Over on Facebook, author and marketer Geoff Livingston posed the following question/statement:
Apart from the misplaced punctuation mark in CEO’s (*cough*, sorry Geoff, couldn’t resist!), it’s a great question, and one that solicited some great responses (mostly along the lines of CEOs don’t need to tweet).
Because, simply put, a CEO has one job and one job only – to meet the goals set for the company by the Board of Directors. In that role, he or she becomes responsible for four key tenets:
- Communicator – ensuring the outside world and/or media are kept up-to-date with the current business.
- Decision maker – responsible for the overall strategy and policy making.
- Leader – advising the board of progress, motivating employees and driving change in the organization.
- Manager – overseeing the day-to-day challenges and operations within the organization.
See any mandate for tweeting there, or being active on social media? No – because, as Geoff rightly points out, the role of a CEO is far more reaching than the occasional tweet.
So why are we still having this conversation about CEOs and the need for them to tweet? Simple – social media is stuck in a time-warp created by a number of “experts” severely lacking in true business acumen.
I Have a Klout Score of Eleventy Billion, Therefore I Am
Don’t worry, I’m not going to start one of my anti-Klout rants here. But the influencer model and social scoring metric has led to an epidemic of businesses looking to the wrong people to help them with their goals in social media.
Whereas previously consultants and agencies had to work their asses off to get to a level of expertise and trust before they began advising corporations and organizations, now you just have to appear to know what you’re on about and have that validated for you by your impressive social score.
It’s not really the fault of these platforms either – although they have exacerbated the problem with their “You’re no-one unless you’re a social someone” approach.
Social media in general has allowed people to rise from nowhere and become “the voice” that people should listen to when they speak.
Never mind the fact that their LinkedIn profile has no experience of actually running a multi-million dollar company; or shows any kind of success metrics or return except a high score on the latest influencer platform and a speaking slot at some non-descript conference.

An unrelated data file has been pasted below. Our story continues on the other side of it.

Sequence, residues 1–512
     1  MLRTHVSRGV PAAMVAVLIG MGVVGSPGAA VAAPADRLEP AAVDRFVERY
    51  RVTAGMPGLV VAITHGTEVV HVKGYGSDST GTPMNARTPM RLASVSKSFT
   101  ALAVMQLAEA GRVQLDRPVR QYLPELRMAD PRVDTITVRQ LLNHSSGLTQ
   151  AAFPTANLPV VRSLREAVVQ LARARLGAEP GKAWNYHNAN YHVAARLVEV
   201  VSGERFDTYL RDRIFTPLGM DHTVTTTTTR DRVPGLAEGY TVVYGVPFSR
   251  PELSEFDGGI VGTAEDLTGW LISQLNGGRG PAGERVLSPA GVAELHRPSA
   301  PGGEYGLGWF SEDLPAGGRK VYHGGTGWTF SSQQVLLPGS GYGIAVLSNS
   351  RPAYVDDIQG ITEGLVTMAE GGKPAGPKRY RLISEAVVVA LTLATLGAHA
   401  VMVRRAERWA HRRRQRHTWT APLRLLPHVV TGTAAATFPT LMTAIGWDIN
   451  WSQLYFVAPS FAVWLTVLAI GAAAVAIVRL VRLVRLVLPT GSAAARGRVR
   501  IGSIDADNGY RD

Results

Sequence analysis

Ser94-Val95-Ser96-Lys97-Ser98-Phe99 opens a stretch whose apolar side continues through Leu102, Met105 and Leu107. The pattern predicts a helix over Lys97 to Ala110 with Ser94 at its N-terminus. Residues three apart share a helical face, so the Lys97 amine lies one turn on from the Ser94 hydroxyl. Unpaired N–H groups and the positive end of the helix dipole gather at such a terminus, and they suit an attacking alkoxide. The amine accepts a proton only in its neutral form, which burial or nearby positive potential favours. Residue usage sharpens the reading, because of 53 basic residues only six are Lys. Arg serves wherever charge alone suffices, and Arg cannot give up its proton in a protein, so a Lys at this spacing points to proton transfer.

And yet these are the folks that are advising CEOs should be stepping away from their daily duties and responsibilities to their employees, shareholders and customers, so they can impart 140 characters of wisdom that may have been vetted and scripted anyway.
It’s advice that seems to have been pumped for the last 5 years or so – as Doug Haslam put it on Geoff’s Facebook wall, “We’re still talking about this? <kicks time machine to make sure it hasn’t malfunctioned and sent me back 5 years>.”
It also shows the maturity this space still has to go through, and the nonsensical talk that “experts” need to advance from.
Customers Don’t Necessarily Care About the Tweet Owner
One of the main arguments put forward by these social media wonks (using Geoff’s description) is that by having the CEO tweet, the brand becomes more human and awesome.
Sorry, but you can’t pay the bills with awesome.
Can CEOs tweet and improve the brand perception with customers? For sure, and there are many examples of this – Zappos and Virgin are two that spring to mind.
But they also had an incredible culture within the company too, that the CEO mandated as part of his Leader role. The true success of these brands, and others in the social space, is not that the CEO is tweeting – it’s that the CEO empowered others to be truly human in their interactions with customers.
The majority of customers don’t care if the CEO tweets or not – what they do care about is an excellent product, a fair price, and a superb experience both during and after the sale.
That kind of return is what the CEO is employed to achieve – and he or she employs the right people to do that, whether it’s in sales, HR, or social media. Getting that part right is the role of a CEO – not hovering about on Twitter in the hope of “being awesome”.
Something those that are advising a CEO what to do had they ever had the actual experience of what that incurs behind them.
Otherwise, continuing the same kumbaya conversation will only hurt in the long run, and then everybody loses. Especially business.
Note: My friend Jeff Esposito has a great post today on the same topic.
. . .